Ninety million trips have been made on Auckland’s trains, buses, and ferries over the past year, the most for the city since 1956.
That year was the last during which Auckland’s tram service was running. The same period also saw the trolleybus service enjoy a wave of popularity, while ferry numbers were still high because the harbour bridge had not yet been built.
While public transport figures are only just beginning to reach these levels again, Auckland was a much smaller city 60 years ago, with a population of approximately 400,000.
The mid-1950s was the dawn of the automobile age, and over the following decades, cars would come to dominate as the preferred mode of transport for Aucklanders.
“The Northwestern and Southern Motorways had just partially opened, so people were buying cars and public transport usage was dropping by around 8 million trips a year,” Auckland Transport’s chief transport services officer Mark Lambert said.
The low point in the mid-1990s, when usage dipped to around 28 million trips per year. However, since 2002, the number of those using trains, buses and ferries has risen by 3 million trips each year, while this year’s 90 million figure is a 6 million increase on 2016 – a growth of 6.7 per cent.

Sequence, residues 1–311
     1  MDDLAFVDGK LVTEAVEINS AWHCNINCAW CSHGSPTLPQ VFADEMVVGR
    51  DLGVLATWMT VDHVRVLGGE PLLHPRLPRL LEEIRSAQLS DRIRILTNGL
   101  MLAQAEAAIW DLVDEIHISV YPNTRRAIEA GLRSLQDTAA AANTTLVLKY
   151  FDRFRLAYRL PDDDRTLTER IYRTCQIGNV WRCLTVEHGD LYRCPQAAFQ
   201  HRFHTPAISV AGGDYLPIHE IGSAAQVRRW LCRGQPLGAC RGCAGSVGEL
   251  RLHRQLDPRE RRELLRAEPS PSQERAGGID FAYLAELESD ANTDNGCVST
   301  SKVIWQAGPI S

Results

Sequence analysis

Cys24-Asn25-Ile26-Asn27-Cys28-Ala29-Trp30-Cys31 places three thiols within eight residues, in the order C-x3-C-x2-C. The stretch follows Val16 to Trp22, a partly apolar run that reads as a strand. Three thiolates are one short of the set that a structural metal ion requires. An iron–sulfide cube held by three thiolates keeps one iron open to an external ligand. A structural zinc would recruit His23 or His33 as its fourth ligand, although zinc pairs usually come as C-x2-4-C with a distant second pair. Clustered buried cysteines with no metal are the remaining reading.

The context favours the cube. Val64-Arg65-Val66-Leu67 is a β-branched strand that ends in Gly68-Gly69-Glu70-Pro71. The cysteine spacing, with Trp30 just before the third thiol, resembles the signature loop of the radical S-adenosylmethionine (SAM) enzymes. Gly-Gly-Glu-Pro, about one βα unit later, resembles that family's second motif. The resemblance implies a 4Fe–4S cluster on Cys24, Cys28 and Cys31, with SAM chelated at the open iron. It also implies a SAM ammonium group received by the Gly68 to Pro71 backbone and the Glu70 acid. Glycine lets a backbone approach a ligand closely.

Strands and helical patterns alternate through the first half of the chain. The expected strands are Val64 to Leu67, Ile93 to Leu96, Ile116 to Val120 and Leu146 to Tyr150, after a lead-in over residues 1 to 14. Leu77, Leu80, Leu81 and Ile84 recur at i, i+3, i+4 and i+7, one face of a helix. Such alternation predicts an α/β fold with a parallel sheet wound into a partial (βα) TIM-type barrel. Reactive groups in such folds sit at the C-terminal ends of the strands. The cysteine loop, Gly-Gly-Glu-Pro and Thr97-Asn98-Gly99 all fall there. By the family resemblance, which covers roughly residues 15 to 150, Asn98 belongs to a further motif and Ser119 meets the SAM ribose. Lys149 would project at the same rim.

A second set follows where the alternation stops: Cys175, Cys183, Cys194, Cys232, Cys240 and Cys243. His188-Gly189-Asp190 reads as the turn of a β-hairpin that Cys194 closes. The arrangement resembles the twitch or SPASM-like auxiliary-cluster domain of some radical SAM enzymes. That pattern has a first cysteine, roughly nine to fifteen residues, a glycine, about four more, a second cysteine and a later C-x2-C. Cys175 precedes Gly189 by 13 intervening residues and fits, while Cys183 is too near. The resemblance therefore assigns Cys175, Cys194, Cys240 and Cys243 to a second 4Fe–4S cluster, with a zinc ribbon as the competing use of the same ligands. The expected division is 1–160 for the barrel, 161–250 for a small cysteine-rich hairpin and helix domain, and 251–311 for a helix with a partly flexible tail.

Train patronage alone has risen in this same period from 3 million to 20 million trips a year.
Chris Darby, who is chair of the Auckland Council Planning Committee, said the figures indicated an exciting future for public transport in the city.
“We’re in the midst of a public transport revolution, with record levels of patronage across public transport. Aucklanders have a growing appetite for bus, ferry and rail travel, and making this reliable and easy to use is a key priority,” Darby said.
Passenger satisfaction has also risen in recent years, with the 2017 figures showing 90.5 per cent satisfaction for bus users, 93.7 per cent for train users, and 91 per cent for those catching the ferry.
“I use the ferry daily and I’m really happy to see the satisfaction levels on the rise,” Darby said.
“We’ve come a long way, but we can still do better. There’s even more services to be rolled out next year. Hopefully this will see our patronage pass 100 million, and our customer satisfaction reach 100 per cent.”